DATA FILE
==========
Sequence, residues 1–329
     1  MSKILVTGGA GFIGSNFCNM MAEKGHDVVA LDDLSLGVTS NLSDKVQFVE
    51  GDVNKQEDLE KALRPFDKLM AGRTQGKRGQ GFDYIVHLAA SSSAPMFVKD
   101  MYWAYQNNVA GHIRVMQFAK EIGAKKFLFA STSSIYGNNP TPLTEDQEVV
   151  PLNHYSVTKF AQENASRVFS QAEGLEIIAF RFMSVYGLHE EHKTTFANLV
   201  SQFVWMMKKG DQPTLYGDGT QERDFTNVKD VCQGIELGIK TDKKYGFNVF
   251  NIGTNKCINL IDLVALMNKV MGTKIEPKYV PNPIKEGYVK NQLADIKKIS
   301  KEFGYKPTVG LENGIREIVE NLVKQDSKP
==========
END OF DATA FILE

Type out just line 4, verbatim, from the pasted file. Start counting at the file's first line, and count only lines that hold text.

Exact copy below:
   101  MYWAYQNNVA GHIRVMQFAK EIGAKKFLFA STSSIYGNNP TPLTEDQEVV